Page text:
This issue of Cinema Purgatorio, at least for the fist two stories, is maximum effort for minimal result. Both Moore and Ennis write the heck out of their stories without much reward.
Moore and O’Neill do the “Black Dahlia” murder case, with victim Elizabeth Short narrating in song. There’s even a Marilyn Monroe cameo. Moore goes through a lot, suspects, intrigue, tangents, but it never really adds up to anything. O’Neill keeps it visually cohesive; it’s just never adds up.
Then Ennis and Caceres’s Code Pru has Pru getting a promotion (or something) after a meeting with a head honcho. Lots of effort from both Ennis and Caceres. Tons of dialogue. None of it adds up. Ennis is sort of better with the length constraint than before, but also sort of worse. It’s not episodic enough.
Brooks tackles some racism and sexism in A More Perfect Union. Not well, but whatever. Andrade’s art is good.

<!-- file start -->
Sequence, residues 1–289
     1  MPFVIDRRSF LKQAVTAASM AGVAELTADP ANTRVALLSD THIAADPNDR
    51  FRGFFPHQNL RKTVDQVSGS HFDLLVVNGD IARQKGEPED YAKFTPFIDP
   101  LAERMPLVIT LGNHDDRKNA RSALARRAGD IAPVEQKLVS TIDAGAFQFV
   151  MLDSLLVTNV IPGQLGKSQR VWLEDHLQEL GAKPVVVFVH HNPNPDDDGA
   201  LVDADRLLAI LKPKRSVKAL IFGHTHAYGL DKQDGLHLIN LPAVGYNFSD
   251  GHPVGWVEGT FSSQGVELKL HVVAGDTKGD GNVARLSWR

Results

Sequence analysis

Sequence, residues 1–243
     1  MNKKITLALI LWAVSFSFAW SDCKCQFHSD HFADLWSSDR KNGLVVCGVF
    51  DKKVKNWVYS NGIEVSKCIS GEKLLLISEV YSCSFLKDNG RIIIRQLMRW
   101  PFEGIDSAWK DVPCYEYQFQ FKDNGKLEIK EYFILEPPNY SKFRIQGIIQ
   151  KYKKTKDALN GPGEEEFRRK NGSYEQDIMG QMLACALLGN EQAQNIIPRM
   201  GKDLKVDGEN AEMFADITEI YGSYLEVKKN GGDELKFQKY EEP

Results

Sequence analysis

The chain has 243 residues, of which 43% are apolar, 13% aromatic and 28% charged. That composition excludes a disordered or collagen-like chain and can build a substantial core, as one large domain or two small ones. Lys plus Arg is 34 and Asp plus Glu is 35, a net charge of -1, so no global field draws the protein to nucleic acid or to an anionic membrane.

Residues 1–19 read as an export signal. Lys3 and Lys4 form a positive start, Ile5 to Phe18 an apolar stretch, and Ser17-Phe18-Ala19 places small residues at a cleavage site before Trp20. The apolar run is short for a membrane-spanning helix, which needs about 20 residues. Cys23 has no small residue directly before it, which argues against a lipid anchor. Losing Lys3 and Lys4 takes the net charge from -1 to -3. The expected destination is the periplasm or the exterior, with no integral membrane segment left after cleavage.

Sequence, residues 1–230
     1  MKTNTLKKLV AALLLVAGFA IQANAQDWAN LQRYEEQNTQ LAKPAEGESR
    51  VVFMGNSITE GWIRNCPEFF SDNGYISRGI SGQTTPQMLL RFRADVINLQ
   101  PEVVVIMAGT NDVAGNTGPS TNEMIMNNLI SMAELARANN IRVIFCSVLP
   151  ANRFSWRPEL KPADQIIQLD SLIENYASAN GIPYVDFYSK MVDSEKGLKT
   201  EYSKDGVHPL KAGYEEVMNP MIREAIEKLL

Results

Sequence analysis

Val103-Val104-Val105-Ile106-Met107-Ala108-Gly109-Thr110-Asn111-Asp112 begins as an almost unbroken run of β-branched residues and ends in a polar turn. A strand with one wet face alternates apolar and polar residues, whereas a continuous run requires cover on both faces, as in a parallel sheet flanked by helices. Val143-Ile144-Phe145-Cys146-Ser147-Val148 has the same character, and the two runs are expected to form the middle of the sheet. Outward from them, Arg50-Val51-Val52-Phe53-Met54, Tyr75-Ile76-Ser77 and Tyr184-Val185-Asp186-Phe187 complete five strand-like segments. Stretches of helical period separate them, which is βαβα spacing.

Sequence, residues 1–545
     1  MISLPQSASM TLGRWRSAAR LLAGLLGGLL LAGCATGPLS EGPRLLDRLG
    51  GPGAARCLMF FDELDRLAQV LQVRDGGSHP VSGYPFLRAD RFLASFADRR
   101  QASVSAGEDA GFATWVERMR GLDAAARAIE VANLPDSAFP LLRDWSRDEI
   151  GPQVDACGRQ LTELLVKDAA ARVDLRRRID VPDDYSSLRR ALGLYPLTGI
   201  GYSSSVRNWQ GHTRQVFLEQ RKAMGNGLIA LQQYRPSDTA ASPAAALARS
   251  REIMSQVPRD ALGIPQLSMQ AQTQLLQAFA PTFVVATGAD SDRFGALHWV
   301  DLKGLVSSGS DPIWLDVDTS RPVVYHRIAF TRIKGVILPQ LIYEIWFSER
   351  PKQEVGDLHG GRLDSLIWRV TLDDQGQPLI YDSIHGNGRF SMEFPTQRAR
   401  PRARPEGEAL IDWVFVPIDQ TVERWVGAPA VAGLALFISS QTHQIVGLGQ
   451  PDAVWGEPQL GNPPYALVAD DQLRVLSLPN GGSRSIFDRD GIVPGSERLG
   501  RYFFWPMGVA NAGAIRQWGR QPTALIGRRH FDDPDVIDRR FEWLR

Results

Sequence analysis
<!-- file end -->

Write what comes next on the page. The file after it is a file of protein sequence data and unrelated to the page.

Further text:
Modded continues to be relatively painless thanks to Lopez’s art. Nothing happens this time, good or bad. It’s not enough, though. Lopez doesn’t have anything interesting to do.
And, finally, The Vast. Some nice work from Andrade, some vague intrigue, some decent talking heads, but no payoff. Just like everyone except Moore, Gage isn’t any good at plotting out these installments. It’s not even concerning anymore, it’s just Cinema Purgatorio.
Cinema Purgatorio, My Fair Dahlia; writer, Alan Moore; artist, Kevin O’Neill. Code Pru, A Nest of Anacondas; writer, Garth Ennis; artist, Raulo Caceres. A More Perfect Union; writer, Max Brooks; artist, Gabriel Andrade. Modded; writer, Kieron Gillen; artist, Nahuel Lopez. The Vast; writer, Christos Gage; artist, Andrade. Letterer, Kurt Hathaway; publisher, Avatar Press.